Walgamott was describing the results of an experimental surgery to The Washington Post, where a prosthetic known as the “Luke” arm had been attached with electrodes implanted into his nerves. The real estate agent had lost his hand and most of his arm in an electrical accident 14 years ago, and he volunteered for the program at the University of Utah.
It is estimated by The National Kidney Foundation that over 100,000 patients are on the waiting list for kidney donors. A further 3,000 names are added to the list every year. An average patient has to wait for 3.6 years for a viable transplant. The patients are treated with dialysis while they are waiting for a transplant and only one in three patients survive for more than five years without a transplant. All that could change as scientists have developed the world’s first artificial kidney.
Biopharma™, Inc., an immunotherapy company developing a novel, proprietary class of biologics engineered to selectively modulate the human immune system to treat cancer and autoimmune diseases, announced a strategic research collaboration and license agreement with Merck, known as MSD outside of the United States and Canada.
The U.S. Food and Drug Administration(FDA) approved Hemlibra (emicizumab-kxwh) to prevent or reduce the frequency of bleeding episodes in adult and pediatric patients with hemophilia A who have developed antibodies called Factor VIII (FVIII) inhibitors.
Pfizer Inc. (PFE) announced that the U.S. Food and Drug Administration(FDA) has approved a new indication expanding the use of SUTENT® (sunitinib malate) to include the adjuvant treatment of adult patients at high risk of recurrent renal cell carcinoma (RCC) following nephrectomy (surgical removal of the cancerous kidney). The approval was based on results from the S-TRAC trial that demonstrated a significant reduction in the risk of a disease-free survival (DFS) event (defined as the interval between randomization and tumor recurrence, or secondary primary cancer or death from any cause) for patients at high risk of RCC recurrence who received SUTENT compared to placebo in the adjuvant setting.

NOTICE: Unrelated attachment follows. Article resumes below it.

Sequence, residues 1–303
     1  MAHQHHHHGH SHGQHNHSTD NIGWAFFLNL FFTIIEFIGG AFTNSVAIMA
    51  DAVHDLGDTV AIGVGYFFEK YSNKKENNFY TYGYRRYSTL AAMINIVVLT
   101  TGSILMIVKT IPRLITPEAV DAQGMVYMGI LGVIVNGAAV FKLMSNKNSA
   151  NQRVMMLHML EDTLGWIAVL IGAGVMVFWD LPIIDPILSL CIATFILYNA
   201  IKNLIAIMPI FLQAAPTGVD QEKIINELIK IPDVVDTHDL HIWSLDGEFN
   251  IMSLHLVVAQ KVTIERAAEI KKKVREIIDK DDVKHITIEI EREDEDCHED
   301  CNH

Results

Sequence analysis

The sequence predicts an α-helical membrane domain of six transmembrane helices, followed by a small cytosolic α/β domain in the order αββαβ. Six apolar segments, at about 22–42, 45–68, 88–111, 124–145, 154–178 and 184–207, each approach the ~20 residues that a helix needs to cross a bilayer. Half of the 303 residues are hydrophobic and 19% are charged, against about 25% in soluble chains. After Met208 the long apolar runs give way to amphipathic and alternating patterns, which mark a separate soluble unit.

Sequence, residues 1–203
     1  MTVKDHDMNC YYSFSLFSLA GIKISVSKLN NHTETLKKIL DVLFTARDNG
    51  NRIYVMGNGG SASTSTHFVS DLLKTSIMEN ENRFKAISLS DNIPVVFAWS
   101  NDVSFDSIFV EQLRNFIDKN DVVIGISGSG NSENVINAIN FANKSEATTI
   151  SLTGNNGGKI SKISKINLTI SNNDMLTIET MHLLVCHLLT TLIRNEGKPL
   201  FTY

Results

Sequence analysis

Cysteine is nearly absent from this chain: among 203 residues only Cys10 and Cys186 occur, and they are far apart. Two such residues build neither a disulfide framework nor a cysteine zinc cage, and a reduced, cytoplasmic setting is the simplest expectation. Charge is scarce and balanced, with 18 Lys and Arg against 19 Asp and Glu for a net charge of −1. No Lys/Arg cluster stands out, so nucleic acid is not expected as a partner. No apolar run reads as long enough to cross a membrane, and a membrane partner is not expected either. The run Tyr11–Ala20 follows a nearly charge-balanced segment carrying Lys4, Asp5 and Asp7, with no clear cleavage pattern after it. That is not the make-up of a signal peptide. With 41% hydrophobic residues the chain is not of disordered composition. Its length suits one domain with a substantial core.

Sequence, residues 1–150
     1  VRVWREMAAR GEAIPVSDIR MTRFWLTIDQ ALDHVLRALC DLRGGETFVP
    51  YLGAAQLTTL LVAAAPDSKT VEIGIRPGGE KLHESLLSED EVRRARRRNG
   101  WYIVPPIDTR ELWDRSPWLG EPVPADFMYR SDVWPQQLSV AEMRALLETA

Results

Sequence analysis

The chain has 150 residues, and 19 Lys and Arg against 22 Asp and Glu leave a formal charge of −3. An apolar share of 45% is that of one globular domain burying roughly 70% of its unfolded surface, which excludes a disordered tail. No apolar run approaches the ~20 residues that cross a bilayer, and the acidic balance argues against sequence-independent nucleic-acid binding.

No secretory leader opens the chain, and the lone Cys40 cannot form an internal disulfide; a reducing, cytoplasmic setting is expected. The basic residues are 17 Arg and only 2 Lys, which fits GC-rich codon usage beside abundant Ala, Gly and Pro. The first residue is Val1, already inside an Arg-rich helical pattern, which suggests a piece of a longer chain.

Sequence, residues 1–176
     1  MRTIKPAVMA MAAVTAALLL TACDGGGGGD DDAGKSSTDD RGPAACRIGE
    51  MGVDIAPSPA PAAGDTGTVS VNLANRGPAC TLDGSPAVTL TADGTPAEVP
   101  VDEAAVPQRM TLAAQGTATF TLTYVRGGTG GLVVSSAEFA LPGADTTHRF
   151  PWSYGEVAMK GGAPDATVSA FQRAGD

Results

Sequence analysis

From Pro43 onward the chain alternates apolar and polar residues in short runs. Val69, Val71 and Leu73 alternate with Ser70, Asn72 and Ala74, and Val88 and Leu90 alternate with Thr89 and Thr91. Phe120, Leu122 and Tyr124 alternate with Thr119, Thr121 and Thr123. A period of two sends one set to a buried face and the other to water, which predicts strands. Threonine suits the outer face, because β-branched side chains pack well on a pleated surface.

Infants with the most severe form of spinal muscular atrophy (SMA) were more likely to show gains in motor function and were 47 percent more likely to survive without permanent assisted ventilation support when treated with a new medication, according to a study published today in the New England Journal of Medicine. The drug, nusinersen, performed so well that the study was stopped early and the treatment was approved shortly thereafter by the U.S. Food and Drug Administration (FDA) for all patients with this progressive neuromuscular disorder.
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